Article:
Vrilock Variable Machine
There is something wonderful about the concept of creating a new kind of psionic machine which can isolate or joint together a series placeholders for changeable values. Vrilock has created such a machine, and it is called The Variable Machine.
With this machine one can isolate a sequence of events. And possibly much more. Imagery received from the use of this machine in the initial testing stages was impressive, and nearly instant. Perhaps this is something to do with the way I’m wired, but again it may be universal. We won’t know until others try working with it.
So, first you need to know how to build it, and then we'll cover operating the Vrilock Variable Machine!
Styro foam spheres, 2” (x5)
Box 1’ or larger
Magnetic wire coil
Potentiometers and dials (x5 ea)
Audio jack (3.5mm, x2)
Cut and trim a shoe box so that it can stand on its edge. Leave enough slant for the resistor dials. Allow ample room for a toggle switch between each volume control. Also, make about 2 1/2 to 3 inches available for the stand will hold the containers at eye level.
Drill or poke holes for your potentiometer stems, preferably at the lower bottom of the box face, so that you can rest your hands when you turn the dials.
Make a hole on either side of the box for your audio jacks.
Make a hole sizable to the first switch, and locate this just above and between the first two resistor holes. Continue to make holes for the other switches.
Run a screw through the backside of the box lid and align this hole to each resistor dial, and allow it to protrude through the lid. Continue to drive screws through the lid until you have a series of protruding screws across the lid in parallel to all five potentiometer stems.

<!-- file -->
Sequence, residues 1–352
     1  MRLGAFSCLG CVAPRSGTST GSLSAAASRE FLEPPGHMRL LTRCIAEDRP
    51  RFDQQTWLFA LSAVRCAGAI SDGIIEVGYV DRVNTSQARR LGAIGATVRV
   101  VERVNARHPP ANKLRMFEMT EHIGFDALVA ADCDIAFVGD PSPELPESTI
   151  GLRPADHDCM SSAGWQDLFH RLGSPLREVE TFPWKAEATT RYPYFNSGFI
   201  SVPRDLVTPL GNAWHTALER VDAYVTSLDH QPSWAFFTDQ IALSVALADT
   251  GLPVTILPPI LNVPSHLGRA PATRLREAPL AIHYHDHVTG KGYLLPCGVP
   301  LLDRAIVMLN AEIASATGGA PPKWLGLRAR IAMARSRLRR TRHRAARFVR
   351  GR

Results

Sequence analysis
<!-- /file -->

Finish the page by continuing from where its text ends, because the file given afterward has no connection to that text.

Wrap a long length of wire around the first screw.
Wrap the other end of the wire from the screw to the toggle switch. Then run the same wire to the next screw, and on to the next toggle switch. Continue this until you reach the remaining screw. Wire this remaining wire to the output jack. Wire the output jack to the last resistor. Trim off the excess wire if needed.
Wire the input jack to the first screw, and then down to the first resistor.
Wire all resistors to the switches between them.
Gently, place the first styrofoam sphere on to the first screw. Carefully twist the foam ball into the screw, making a hole for the screw to enter. Turn the sphere until it holds almost flush to the box lid.
When the wiring is done, place the dial caps on to the resistor stems, and close the box lid onto the box body. Tap the lid shut to the box. Maybe use a large rubber band to help hold it together. For a more permanent closing, drive screws or apply heaping amounts of glue.
To use the Vrilock Variable Machine one needs to have an idea of the possible outcomes for an event (or a sequence of events) which could take place in the future.
Plug your helmet into the box on the input side. Clear your mind, and think of the event that is in question.